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Keep your eyes on the Democrats' government reform chairman, Henry A. Waxman, when the new Congress convenes. The California Democrat has a long-established agenda aimed at the FDA, drug advertising and marketing practices.

Wall Street's down-ranking of pharma stocks right after the elections reflected analysts' awareness of the frosty legislative climate that's coming, topped by expected Medicare price negotiations, and new measures that will seek to cool drug marketing in the name of drug safety.

One vehicle for flexing muscle over drug marketers will be the renewal of the Prescription Drug Marketing Act. You can expect carve-outs for increased post-market surveillance and electronic safety data monitoring.

Waxman, 67, is also likely to push for restrictions on DTC advertising during the first two years of a new drug's marketing.

Adding to Waxman's role will be an old FDA nemesis, Rep. John Dingell (D-MI), 80, who is poised to resume his leadership of the Energy and Commerce Committee, where he directed aggressive FDA oversight in the 1990s, most notably over the generic drug scandal.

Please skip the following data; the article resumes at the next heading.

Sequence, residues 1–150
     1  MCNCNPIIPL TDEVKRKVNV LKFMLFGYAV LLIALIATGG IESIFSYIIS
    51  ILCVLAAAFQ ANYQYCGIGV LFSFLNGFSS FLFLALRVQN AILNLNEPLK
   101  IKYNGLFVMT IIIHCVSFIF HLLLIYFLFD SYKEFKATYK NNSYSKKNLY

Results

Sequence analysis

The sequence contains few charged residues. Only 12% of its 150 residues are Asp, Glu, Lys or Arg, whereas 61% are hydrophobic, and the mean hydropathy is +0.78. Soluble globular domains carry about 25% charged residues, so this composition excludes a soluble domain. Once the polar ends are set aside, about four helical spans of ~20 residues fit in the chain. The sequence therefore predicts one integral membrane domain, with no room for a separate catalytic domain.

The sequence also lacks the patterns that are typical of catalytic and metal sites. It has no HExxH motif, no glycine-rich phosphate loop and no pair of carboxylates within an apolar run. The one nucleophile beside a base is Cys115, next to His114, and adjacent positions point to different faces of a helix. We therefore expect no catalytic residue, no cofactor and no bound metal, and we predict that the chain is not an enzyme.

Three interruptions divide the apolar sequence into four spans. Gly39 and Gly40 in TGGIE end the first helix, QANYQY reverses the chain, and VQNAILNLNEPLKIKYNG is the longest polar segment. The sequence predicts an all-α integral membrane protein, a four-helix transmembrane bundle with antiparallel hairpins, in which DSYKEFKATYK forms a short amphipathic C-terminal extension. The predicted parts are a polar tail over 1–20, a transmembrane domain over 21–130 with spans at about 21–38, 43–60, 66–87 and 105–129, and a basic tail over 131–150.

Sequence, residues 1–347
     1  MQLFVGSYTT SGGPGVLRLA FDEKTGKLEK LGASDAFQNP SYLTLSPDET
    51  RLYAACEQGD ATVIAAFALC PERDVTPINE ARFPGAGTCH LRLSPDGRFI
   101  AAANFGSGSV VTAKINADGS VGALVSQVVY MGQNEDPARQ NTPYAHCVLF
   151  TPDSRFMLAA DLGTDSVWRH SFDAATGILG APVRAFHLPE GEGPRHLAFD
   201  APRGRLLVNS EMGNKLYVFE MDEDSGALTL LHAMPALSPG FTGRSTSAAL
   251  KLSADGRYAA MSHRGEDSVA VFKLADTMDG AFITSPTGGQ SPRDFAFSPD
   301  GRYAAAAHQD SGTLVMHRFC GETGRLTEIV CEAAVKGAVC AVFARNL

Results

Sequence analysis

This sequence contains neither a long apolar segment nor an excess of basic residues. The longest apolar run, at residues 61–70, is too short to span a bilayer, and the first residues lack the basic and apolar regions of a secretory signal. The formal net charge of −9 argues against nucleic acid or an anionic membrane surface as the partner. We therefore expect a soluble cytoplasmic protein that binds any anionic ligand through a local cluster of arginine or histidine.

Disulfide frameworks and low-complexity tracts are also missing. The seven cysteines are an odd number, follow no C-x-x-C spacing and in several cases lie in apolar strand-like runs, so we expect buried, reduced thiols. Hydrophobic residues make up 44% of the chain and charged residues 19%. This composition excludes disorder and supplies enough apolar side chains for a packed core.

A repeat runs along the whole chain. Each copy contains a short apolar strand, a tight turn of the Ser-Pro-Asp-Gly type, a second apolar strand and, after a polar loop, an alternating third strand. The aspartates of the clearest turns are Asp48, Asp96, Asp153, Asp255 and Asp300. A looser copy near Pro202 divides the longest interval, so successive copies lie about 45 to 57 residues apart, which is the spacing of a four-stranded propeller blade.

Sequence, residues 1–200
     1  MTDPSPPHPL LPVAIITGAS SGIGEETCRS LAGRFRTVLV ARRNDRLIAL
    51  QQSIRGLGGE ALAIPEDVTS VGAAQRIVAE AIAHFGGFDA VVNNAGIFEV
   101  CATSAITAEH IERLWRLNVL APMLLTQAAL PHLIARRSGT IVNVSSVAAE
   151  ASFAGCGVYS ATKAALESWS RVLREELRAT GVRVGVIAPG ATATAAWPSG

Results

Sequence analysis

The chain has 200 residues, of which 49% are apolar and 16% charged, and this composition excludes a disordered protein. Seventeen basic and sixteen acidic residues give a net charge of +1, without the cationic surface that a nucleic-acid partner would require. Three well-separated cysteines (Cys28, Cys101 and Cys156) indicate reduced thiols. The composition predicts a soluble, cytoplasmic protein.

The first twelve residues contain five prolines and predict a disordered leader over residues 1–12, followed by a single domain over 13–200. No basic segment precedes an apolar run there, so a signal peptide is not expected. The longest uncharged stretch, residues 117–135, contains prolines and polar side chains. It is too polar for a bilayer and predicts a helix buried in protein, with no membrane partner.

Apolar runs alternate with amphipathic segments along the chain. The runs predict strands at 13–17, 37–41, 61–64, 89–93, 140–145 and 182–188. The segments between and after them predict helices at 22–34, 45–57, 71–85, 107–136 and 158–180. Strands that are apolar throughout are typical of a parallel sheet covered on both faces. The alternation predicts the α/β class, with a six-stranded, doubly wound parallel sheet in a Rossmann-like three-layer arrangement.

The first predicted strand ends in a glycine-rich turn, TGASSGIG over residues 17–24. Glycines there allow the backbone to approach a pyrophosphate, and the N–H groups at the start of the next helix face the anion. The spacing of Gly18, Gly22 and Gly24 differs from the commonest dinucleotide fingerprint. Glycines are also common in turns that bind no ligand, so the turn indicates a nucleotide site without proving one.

Earlier this year, both Dingell and Waxman objected to an FDA policy statement on preemption of state tort cases as part of its prescription drug labeling rule. Dingell has questioned the FDA's reliance on non-inferiority trials in showing effectiveness in antibiotic submissions, and asked the GAO to examine the issue further. Waxman has shown an interest in reduced FDA enforcement actions, and has urged more actions against ad violations.

On the Senate side, Edward Kennedy (D-MA) will resume a role comfortable to him: chairman of the Health, Education, Labor and Pensions Committee, which has primary FDA oversight. The lawmaker has favored giving FDA more authority to police compounding.

Dickinson is editor of Dickinson's FDA Webview (

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